|Birth: ||Mar. 8, 1924|
|Death: ||Mar. 28, 2012|
Labor leader, civil rights activist, minister. One of the country's foremost champions for organized labor and civil rights. She served as an advisor to the late Chicago Mayor Harold Washington and Dr. Martin Luther King, Jr. She was the first female local union president of the United Packinghouse Food and Allied Workers. During her 30-year career as a labor leader Wyatt fought for equality as a campaigner for women's rights in the work place and as an active protester alongside Dr. Martin Luther King, Jr. in the early 1960s. In 1961, Wyatt was appointed by former first lady Eleanor Roosevelt to serve on the Protective Labor Legislation Committee of President John F. Kennedy's Commission on the Status of Women, and she later served three terms on the Illinois Commission on the Status of Women. She along with her late husband, the Rev. Claude S. Wyatt, Jr., founded the Vernon Park Church of God in Chicago, starting with a group of about 25 people in a renovated garage. By 2000, the congregation had grown to nearly 1,000 and is widely known for its work with homeless people, seniors and youth. The couple also helped to found Operation Breadbasket and served on the board of Operation PUSH. Wyatt later in life founded and was the CEO of the Wyatt Family Community Center in Chicago. She was named one of Time Magazines's Women of the Year in 1975 and received a similar honor from The Ladies Home Journal in 1977. Ebony Magazine named her one of the 100 most influential black Americans from 1980 to 1984. She was also inducted to the Civil Rights Walk of Fame in 2005. Wyatt died at age 88 in a local hospital after a long illness.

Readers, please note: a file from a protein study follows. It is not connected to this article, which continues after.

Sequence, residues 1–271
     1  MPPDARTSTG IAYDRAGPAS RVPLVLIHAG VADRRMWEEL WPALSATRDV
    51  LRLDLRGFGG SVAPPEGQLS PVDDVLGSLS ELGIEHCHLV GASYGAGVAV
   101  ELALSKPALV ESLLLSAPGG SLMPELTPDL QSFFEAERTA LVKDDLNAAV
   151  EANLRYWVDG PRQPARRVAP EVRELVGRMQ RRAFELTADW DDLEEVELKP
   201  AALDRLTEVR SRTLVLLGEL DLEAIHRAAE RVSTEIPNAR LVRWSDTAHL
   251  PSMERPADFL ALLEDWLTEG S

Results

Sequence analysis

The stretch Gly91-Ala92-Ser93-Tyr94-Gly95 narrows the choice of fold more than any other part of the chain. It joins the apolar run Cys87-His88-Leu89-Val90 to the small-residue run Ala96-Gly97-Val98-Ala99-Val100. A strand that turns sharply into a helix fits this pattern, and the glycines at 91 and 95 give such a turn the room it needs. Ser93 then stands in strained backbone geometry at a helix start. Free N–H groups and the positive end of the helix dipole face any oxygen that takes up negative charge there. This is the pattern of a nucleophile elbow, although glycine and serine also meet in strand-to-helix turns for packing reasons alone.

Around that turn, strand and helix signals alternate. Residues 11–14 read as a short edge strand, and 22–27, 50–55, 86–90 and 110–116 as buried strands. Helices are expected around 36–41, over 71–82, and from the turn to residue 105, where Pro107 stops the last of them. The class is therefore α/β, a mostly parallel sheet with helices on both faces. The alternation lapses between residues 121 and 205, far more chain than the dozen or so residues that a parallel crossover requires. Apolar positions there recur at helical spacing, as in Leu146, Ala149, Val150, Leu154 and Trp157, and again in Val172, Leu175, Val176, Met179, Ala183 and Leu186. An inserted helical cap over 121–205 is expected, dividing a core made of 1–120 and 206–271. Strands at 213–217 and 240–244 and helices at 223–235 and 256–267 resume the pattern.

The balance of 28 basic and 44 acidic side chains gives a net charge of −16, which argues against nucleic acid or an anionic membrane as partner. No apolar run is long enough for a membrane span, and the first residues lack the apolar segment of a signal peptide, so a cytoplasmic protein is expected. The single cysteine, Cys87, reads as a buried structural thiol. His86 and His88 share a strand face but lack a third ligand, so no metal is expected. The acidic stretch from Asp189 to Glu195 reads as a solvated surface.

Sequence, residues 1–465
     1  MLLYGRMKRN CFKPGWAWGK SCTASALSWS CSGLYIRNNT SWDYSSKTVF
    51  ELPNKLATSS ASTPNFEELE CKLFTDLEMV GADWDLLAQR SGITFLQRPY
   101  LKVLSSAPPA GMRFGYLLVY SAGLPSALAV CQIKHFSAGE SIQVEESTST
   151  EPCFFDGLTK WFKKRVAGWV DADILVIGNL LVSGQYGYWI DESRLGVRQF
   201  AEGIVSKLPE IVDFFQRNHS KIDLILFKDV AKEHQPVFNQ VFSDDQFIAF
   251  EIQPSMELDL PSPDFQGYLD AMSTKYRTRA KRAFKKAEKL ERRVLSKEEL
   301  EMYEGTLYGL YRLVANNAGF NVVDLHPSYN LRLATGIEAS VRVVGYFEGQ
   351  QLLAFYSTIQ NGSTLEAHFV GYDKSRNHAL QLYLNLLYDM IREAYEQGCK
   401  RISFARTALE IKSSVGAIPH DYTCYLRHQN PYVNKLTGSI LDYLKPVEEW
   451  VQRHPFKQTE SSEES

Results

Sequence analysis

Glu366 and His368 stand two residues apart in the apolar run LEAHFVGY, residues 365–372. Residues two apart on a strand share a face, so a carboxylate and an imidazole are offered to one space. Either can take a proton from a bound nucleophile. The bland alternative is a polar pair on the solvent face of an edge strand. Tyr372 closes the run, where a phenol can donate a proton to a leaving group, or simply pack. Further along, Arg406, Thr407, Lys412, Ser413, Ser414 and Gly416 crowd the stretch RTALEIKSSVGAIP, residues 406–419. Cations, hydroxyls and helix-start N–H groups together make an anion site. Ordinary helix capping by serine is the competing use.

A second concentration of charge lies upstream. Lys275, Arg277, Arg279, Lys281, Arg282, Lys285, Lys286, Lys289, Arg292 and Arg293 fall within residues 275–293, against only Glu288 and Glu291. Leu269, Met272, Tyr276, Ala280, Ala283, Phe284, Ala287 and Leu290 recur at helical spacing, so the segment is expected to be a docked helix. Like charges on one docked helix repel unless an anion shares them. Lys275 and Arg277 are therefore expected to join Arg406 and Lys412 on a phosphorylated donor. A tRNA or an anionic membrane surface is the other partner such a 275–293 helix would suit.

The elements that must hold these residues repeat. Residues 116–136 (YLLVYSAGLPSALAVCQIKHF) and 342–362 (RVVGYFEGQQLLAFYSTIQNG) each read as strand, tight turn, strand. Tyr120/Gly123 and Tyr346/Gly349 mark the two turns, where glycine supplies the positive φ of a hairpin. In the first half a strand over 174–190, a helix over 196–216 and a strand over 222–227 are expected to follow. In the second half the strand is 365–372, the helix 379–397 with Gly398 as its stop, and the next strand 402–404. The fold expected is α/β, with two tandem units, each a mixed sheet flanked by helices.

Oak Woods Cemetery
Created by: Curtis Jackson 🖋...
Record added: Apr 05, 2012
Find A Grave Memorial# 88083486